Classification: Mammal

Review: Deinotherium (Deluxe Collection by CollectA)

4.5 (13 votes)

History: One of the biggest Proboscideans of all time lived during the Early Miocene through to mid Pleistocene, yet it is largely forgotten by the general public. The Woolly Mammoth gets all the attention and love, with appearances in film, literature, and in toy form. The family of Deinotheriidae feels ancient as it branched away from the current extant species of Elephants earlier than most of the other families.

Review: Deinotherium (Eofauna)

5 (26 votes)

The pungent stench of masuclinity crawls along the edge of the forest. Leaves rustling softly as a vicious looking creatures ambles through the undergrowth. The young Deinotherium male looks up and hesitates as the potential adversary strides onto the grassy clearing. Much advanced in age and experience, the rival is much smaller then the young male, but also much bulkier.

Review: Deinotherium (Mojö Fun)

4.4 (14 votes)
The name Deinotherium means “terrible beast,” and this powerful pachyderm must have seemed like one to our early hominid ancestors who lived alongside it in Africa during the Pleistocene epoch. Standing around 4 metres tall and weighing anywhere from 10 to 13 tons, it was possibly the third largest proboscidean of all time after the 24-ton Asian straight-tusked elephant Palaeoloxodon namadicus (the largest land mammal of all time!) and the 15-ton mastodon Mammut borsoni.

Review: Deinotherium (Starlux)

3.6 (10 votes)
Review and photographs by Indohyus, edited by Suspsy
Once again I find myself returning to the origins of dinosaur figurines, Starlux, to look at another animal reproduced long before other companies got to it. This time, it’s Deinotherium, the terrible beast! A relative of modern elephants, this powerful probiscidian could grow to 13 ft tall and weigh as much as 11 tonnes (based on the largest species, D.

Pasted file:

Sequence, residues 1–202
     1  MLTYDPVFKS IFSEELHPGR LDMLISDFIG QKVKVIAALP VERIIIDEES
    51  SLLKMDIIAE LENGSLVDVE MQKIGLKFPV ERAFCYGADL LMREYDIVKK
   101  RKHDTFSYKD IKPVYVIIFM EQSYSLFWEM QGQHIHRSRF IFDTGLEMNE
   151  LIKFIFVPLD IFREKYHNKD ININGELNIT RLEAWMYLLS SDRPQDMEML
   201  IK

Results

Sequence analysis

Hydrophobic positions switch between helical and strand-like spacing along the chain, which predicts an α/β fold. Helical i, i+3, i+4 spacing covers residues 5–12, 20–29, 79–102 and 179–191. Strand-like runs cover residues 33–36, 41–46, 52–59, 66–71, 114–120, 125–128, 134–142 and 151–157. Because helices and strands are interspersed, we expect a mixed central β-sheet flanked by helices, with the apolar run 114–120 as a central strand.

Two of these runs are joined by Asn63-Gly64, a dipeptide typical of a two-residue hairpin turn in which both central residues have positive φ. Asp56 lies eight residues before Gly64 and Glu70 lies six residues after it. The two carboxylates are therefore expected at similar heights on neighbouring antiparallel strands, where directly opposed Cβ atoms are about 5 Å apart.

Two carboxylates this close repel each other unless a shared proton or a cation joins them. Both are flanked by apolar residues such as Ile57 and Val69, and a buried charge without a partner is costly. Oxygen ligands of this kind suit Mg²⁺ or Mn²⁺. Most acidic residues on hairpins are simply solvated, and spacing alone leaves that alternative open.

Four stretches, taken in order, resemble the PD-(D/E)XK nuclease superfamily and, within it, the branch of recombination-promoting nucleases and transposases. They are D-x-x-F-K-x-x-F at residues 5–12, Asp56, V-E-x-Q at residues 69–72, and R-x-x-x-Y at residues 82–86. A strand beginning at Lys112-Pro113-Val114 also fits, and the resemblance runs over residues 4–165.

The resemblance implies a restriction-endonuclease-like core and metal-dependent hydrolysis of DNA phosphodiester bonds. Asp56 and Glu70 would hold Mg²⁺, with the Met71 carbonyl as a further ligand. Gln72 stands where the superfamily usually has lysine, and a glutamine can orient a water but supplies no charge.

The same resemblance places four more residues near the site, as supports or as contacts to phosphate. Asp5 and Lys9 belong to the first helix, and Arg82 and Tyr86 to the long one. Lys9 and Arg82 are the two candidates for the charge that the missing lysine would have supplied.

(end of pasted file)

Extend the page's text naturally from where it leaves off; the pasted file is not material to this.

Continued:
Review: Dimetrodon (Lindberg)

2.3 (6 votes)

When people talk of dinosaurs, a few will always spring instantly to mind. Tyrannosaurus, Triceratops, Stegosaurus and Diplodocus are usually mentioned, along with Dimetrodon. However, Dimetrodon is not a dinosaur, but a synapsid, a mammal-like reptile, that died out 40 million years before the first dinosaurs.

Review: Dinosaurs (Tim Mee Toys by J. Lloyd International Inc.)

4.3 (30 votes)

Back in 2012 a representative from the toy vendor VictoryBuy joined the Dinosaur Toy forum looking for member feedback with regards to reissuing the Tim Mee set of toy dinosaurs, originally produced in the 1970’s. Flashforward to 2014 and VictoryBuy once again stopped by the forum, this time to announce the actual release of the set.

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Review: Diprotodon (De Agostini)

4.4 (5 votes)
Guest review and photographs by Viergacht, edited by Suspsy
At the local CNA, I was intrigued to see a children’s book–“Prehistoric Plants: Algae, Fern and Mosses” – that was packaged with a toy fern and what looked to be a Diprotodon, a rhino-sized, bear-like relative of modern wombats and a prehistoric animal not often represented in toy form.

Review: Diprotodon (Lost Kingdoms Series A by Yowie)

3.3 (4 votes)

Marsupials are a fascinating group of mammals. With the ability to have multiple young at once and pouches to keep them safe. They have been around for millions of years, now restricted to Australia and South America. Australia once had the largest member of this class: Diprotodon, a giant Wombat relative the size of rhinos, they died out 50,000 years ago, just as the first Aborigines came to Australia.

Review: Diprotodon (Southlands replicas)

4.6 (8 votes)

Southlands Replicas has grown to become a really great little toy company for Australian animals. Their figures are high quality, providing a great range of unique Aussie species (and a few horses). What has stood out for many on this site is the inclusion of two extinct species in their initial line, Thylacine and Thylacoleo.

Review: Doedicurus (CollectA)

5 (35 votes)

Weighing up to more than two tons, Doedicurus clavicaudatus, sometimes known as the morning star-tailed glyptodon, was one of the last and largest members of its family. Like most other prehistoric jumbo armadillos, it featured a heavy domed carapace and an armoured tail, but in its case, the tail was extra long and terminated in a thick club that probably bore spikes.

Review: Doedicurus (Prehistoric Life Collection by Safari Ltd)

4.4 (20 votes)
Doedicurus was a large genus of glyptodont sporting a bony carapace and a tail ending in a spiked club. These adaptations may have been for defense from Smilodon, which coexisted with Doedicurus, but the club may also have been used during confrontations with other Doedicurus.
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